THE LAST BEST HOPE OF EARTH

ABRAHAM LINCOLN AND THE PROMISE OF AMERICA

Smoothly written and solidly researched biography by Pulitzer- winning historian Neely (Saint Louis University; The Fate of Liberty, 1991, etc.—not reviewed) that focuses particularly on the moral dilemmas and accomplishments of Lincoln during his presidency and years in public office. Opting to view his subject strictly as an adult rather than in his formative years, Neely also presents a public rather than a private Lincoln, accenting the political abilities that took him first to the Illinois legislature as a Whig in 1834. An expansionist in favor of economic growth and of building his state's infrastructure, Lincoln gave little thought then to the issue of slavery that would come to dominate his career. But after a term in the House of Representatives and a period of diminished political activity, he joined the new Republican Party to run strongly against Stephen Douglas, painting him as a co-conspirator in an imaginary plot to expand slavery to all territories and states (and showing competence in devious methods of voter manipulation as well). Elected President in 1860, Lincoln quickly took charge as commander-in-chief, making up for his lack of military expertise by keeping a firm hand on his generals while pressing them to take the initiative when appropriate. A believer in the colonization of freed slaves rather than racial equality, he nevertheless pushed forward with his Emancipation Proclamation as an essential first step, while at the same time adopting measures temporarily limiting civil liberties in order to draft enough soldiers to win the war. A challenging perspective on one of America's cherished heroes, depicting Lincoln as a consummate politician, more determined than scrupulous, without diminishing the magnitude of his achievements. (One hundred illustrations)

Pub Date: Oct. 1, 1993

ISBN: 0-674-51125-5

Page Count: 304

Publisher: Harvard Univ.

Review Posted Online: May 20, 2010

Kirkus Reviews Issue: Aug. 15, 1993

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SLEEPERS

An extraordinary true tale of torment, retribution, and loyalty that's irresistibly readable in spite of its intrusively melodramatic prose. Starting out with calculated, movie-ready anecdotes about his boyhood gang, Carcaterra's memoir takes a hairpin turn into horror and then changes tack once more to relate grippingly what must be one of the most outrageous confidence schemes ever perpetrated. Growing up in New York's Hell's Kitchen in the 1960s, former New York Daily News reporter Carcaterra (A Safe Place, 1993) had three close friends with whom he played stickball, bedeviled nuns, and ran errands for the neighborhood Mob boss. All this is recalled through a dripping mist of nostalgia; the streetcorner banter is as stilted and coy as a late Bowery Boys film. But a third of the way in, the story suddenly takes off: In 1967 the four friends seriously injured a man when they more or less unintentionally rolled a hot-dog cart down the steps of a subway entrance. The boys, aged 11 to 14, were packed off to an upstate New York reformatory so brutal it makes Sing Sing sound like Sunnybrook Farm. The guards continually raped and beat them, at one point tossing all of them into solitary confinement, where rats gnawed at their wounds and the menu consisted of oatmeal soaked in urine. Two of Carcaterra's friends were dehumanized by their year upstate, eventually becoming prominent gangsters. In 1980, they happened upon the former guard who had been their principal torturer and shot him dead. The book's stunning denouement concerns the successful plot devised by the author and his third friend, now a Manhattan assistant DA, to free the two killers and to exact revenge against the remaining ex-guards who had scarred their lives so irrevocably. Carcaterra has run a moral and emotional gauntlet, and the resulting book, despite its flaws, is disturbing and hard to forget. (Film rights to Propaganda; author tour)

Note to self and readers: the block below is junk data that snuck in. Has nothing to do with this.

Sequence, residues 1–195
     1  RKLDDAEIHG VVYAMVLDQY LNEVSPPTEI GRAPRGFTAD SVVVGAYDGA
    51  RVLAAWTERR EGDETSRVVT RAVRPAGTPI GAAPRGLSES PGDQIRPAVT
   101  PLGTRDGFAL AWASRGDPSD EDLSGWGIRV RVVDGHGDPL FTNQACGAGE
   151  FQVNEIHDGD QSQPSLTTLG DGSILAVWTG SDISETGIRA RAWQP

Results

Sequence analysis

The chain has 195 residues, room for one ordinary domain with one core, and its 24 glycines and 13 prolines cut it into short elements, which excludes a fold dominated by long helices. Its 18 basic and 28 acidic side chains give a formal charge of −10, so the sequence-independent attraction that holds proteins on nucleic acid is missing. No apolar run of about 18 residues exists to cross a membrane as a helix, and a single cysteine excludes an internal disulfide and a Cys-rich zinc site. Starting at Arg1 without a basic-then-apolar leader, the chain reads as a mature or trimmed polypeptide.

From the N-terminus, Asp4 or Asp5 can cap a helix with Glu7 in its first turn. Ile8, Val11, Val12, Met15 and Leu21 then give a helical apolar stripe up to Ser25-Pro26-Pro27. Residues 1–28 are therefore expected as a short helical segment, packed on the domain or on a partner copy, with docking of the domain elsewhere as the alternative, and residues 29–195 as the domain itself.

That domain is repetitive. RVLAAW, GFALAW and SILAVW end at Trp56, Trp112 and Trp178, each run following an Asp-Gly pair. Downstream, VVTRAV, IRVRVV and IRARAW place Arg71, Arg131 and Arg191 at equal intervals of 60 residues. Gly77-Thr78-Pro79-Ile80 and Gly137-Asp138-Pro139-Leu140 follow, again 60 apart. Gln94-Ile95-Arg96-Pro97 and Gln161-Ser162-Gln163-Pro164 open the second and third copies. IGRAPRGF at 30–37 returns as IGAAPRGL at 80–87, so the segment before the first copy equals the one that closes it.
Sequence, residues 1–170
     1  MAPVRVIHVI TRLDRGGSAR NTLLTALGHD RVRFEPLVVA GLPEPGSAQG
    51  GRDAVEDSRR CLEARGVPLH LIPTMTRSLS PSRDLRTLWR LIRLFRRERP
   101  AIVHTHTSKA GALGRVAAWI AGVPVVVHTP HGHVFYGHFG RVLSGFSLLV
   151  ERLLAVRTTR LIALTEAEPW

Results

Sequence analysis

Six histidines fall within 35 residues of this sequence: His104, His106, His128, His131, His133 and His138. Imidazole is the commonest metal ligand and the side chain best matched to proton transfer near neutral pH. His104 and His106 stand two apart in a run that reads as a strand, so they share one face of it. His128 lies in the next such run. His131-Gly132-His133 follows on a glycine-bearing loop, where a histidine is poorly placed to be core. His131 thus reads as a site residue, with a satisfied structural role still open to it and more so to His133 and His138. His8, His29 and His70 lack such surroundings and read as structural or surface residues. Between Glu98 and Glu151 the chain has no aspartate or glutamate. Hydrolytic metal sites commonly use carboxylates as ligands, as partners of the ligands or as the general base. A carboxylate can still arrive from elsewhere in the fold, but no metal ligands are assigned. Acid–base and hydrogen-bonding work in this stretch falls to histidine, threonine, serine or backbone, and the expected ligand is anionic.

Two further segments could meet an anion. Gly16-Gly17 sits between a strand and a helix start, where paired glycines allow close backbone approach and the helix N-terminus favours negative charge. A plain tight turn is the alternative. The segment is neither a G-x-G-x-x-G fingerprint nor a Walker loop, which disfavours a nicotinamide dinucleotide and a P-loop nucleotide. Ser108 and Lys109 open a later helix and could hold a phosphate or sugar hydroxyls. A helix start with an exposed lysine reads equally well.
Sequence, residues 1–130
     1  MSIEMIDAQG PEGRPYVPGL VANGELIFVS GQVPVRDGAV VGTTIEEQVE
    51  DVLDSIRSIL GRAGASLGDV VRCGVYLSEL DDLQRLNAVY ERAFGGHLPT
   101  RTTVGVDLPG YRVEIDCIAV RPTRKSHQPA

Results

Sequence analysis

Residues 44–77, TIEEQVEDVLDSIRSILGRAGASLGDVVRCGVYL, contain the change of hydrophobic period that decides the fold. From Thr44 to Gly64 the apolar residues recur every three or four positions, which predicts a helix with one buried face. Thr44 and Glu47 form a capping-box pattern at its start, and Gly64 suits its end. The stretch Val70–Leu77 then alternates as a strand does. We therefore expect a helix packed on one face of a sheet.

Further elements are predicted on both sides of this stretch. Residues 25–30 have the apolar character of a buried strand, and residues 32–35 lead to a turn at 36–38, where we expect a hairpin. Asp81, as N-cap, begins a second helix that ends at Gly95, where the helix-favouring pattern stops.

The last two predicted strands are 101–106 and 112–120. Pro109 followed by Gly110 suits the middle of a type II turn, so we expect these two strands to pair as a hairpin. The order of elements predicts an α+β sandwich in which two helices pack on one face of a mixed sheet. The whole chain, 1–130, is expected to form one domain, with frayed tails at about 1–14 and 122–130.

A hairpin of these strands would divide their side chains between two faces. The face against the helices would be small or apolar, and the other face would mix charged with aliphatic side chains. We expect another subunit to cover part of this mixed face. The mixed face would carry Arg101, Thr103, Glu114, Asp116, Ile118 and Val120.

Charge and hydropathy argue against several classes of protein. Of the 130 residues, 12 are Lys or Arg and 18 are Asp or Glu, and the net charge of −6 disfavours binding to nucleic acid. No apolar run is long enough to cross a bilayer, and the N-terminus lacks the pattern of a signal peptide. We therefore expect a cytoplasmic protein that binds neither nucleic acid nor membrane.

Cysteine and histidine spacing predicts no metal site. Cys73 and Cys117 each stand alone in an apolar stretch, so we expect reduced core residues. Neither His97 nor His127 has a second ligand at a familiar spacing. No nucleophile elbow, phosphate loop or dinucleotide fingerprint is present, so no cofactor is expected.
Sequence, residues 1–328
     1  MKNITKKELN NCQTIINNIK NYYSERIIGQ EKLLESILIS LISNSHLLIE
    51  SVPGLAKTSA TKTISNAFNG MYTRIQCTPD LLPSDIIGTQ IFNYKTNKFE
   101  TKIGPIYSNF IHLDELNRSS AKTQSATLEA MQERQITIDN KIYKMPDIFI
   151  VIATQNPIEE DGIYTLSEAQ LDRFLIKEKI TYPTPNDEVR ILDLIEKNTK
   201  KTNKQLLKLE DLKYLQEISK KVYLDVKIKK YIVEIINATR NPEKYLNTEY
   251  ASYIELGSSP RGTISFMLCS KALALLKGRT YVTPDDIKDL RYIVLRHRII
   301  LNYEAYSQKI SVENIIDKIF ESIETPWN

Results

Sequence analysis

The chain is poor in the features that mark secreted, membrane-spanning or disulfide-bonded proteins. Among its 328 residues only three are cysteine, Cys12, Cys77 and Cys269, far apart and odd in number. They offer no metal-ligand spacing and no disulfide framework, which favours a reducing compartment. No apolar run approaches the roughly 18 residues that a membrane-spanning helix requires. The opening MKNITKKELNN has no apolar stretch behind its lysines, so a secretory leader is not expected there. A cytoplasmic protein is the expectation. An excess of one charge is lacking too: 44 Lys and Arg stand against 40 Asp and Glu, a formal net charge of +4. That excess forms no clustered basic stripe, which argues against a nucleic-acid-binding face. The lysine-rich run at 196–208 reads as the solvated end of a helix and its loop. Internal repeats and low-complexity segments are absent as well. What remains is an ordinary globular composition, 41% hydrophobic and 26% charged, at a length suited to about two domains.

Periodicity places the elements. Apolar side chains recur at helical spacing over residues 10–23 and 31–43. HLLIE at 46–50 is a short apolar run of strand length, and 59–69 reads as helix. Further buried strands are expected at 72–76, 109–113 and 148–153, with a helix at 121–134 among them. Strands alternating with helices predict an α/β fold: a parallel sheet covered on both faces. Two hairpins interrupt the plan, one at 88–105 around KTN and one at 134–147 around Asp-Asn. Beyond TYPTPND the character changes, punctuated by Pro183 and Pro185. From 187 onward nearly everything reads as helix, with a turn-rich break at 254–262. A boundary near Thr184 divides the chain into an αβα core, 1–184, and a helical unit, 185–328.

Pub Date: July 10, 1995

ISBN: 0-345-39606-5

Page Count: 432

Publisher: Ballantine

Review Posted Online: May 20, 2010

Kirkus Reviews Issue: May 1, 1995

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MOMOFUKU MILK BAR

With this detailed, versatile cookbook, readers can finally make Momofuku Milk Bar’s inventive, decadent desserts at home, or see what they’ve been missing.

In this successor to the Momofuku cookbook, Momofuku Milk Bar’s pastry chef hands over the keys to the restaurant group’s snack-food–based treats, which have had people lining up outside the door of the Manhattan bakery since it opened. The James Beard Award–nominated Tosi spares no detail, providing origin stories for her popular cookies, pies and ice-cream flavors. The recipes are meticulously outlined, with added tips on how to experiment with their format. After “understanding how we laid out this cookbook…you will be one of us,” writes the author. Still, it’s a bit more sophisticated than the typical Betty Crocker fare. In addition to a healthy stock of pretzels, cornflakes and, of course, milk powder, some recipes require readers to have feuilletine and citric acid handy, to perfect the art of quenelling. Acolytes should invest in a scale, thanks to Tosi’s preference of grams (“freedom measurements,” as the friendlier cups and spoons are called, are provided, but heavily frowned upon)—though it’s hard to be too pretentious when one of your main ingredients is Fruity Pebbles. A refreshing, youthful cookbook that will have readers happily indulging in a rising pastry-chef star’s widely appealing treats.    

 

Pub Date: Oct. 25, 2011

ISBN: 978-0-307-72049-8

Page Count: 256

Publisher: Clarkson Potter

Review Posted Online: Jan. 13, 2012

Kirkus Reviews Issue: Oct. 15, 2011

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